With the heavyweight division already turned upside down thanks to unified champion Anthony Joshua’s upset loss to Oleksandr Usyk two weeks back, it’s difficult to know exactly what to expect from Saturday’s trilogy bout between Tyson Fury and Deontay Wilder.
Fury (30-0-1, 21 KOs) will defend his WBC and lineal titles some 20 months since the last time he entered the ring when he battered Wilder (42-2-1, 41 KOs) to the tune of a seventh-round TKO in their rematch. The first meeting between the two fighters ended in a disputed split draw in 2018 after Fury, who largely outboxed Wilder, survived two knockdowns.
Everything from the gap in time between the second and third fights to the fact that Fury originally thought he was fighting Joshua this summer for the undisputed title until Wilder forced a court injunction plays into the unpredictability of this fight inside T-Mobile Arena in Las Vegas. So does Wilder’s other worldly punching power, which has long covered a magnitude of sins.
With that in mind, let’s take a closer look at the biggest storylines entering this weekend.
1. Wilder has said and done all the right things of late
It’s fair to say that neither Wilder nor Fury could’ve predicted the past two years to play out exactly how it did. As soon as Fury finished Wilder in in February 2020, most expected a third fight within the next five to six months, as per the details of the contract signed by both, which gave rematch rights to the loser. Then the pandemic broke out and Wilder’s team, according to Fury and co-promoter Bob Arum of Top Rank, missed the deadlines to secure a third fight. While it took a judge to make sure we see this third meeting instead of an undisputed title bout, the delay offered Wilder an opportunity to try and fix everything from what went wrong in the second fight to his raw and barbaric style. And to his credit, Wilder has spent most of the layoff laying low after initially soiling his name with one excuse after another for why he tasted his first defeat, not to mention a few conspiracy theories thrown in to further deflect the blame. A change was certainly needed and Wilder did as much by parting ways with assistant trainer Mark Breland and naming former opponent Malik Scott as his new chief of staff. Incumbent trainer Jay Deas is still there, as is well-known boxing trainer and UFC cut man Don House, who joined the team after previously leading Bermane Stiverne to the same WBC title Wilder took from him in 2015. Wilder also brought in world-class sparring from the likes of 6-foot-7 slugger Robert Helenius, who will face Adam Kownacki in a rematch on Saturday’s undercard.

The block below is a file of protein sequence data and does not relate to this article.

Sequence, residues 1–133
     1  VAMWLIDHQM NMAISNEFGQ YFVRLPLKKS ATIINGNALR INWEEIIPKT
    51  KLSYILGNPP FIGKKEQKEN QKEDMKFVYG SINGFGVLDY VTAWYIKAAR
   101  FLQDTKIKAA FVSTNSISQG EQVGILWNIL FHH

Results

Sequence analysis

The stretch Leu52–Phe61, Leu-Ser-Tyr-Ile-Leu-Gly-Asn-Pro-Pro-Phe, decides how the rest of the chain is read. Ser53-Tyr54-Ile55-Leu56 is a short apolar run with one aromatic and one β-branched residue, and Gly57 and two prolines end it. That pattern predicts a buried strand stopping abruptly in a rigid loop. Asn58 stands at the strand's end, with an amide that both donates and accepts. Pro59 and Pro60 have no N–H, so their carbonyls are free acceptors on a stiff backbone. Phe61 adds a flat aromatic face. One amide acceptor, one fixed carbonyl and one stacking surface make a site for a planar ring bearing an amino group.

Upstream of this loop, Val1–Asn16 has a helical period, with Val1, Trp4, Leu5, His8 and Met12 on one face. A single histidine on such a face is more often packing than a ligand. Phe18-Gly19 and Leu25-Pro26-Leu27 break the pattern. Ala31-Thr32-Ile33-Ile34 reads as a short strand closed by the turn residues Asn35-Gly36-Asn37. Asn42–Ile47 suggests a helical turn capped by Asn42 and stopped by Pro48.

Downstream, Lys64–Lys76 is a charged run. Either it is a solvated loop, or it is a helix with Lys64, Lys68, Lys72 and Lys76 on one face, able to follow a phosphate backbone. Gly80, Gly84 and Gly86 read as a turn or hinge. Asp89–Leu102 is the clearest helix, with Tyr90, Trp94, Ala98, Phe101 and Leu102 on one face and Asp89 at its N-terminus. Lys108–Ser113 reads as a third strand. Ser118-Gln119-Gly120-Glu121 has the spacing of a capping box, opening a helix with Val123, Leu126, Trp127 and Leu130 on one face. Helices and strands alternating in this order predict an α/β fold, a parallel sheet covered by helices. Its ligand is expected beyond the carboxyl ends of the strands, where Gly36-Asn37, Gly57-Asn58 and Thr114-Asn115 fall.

. Idle time hasn’t always been Fury’s friend
Part of the reason why Fury’s victory over Wladimir Klistchko in 2015 to claim a trio of heavyweight titles was such a shocking upset was because the 6-foot-9 boxer had been so inconsistent in the years leading up to it. Often ballooning in weight, Fury became known as a fighter who played up and down to the level of competition in front of him (while doing the same in regards to the work put in during training camp). Even though Fury deserves all the credit he received for making such a dramatic comeback in 2018 from drug abuse, weight gain and depression, his fights not involving Wilder have seen equal amounts of highs and lows in this regard. Given how open Fury has been about his continuing mental health challenges and the demons of his previous substance abuse, it’s a wonder as to whether he will be as dialed in for this third fight against Wilder when there isn’t as much at stake. Fury expected to have already fought Joshua right now in the first of a two-fight series. Instead, he must fight the division’s most dangerous fighter a third time in three years for nothing more than to fulfill a contractual obligation. The proof will be in the pudding on fight night as to whether the “Gypsy King” put in the required level of work to play matador once more.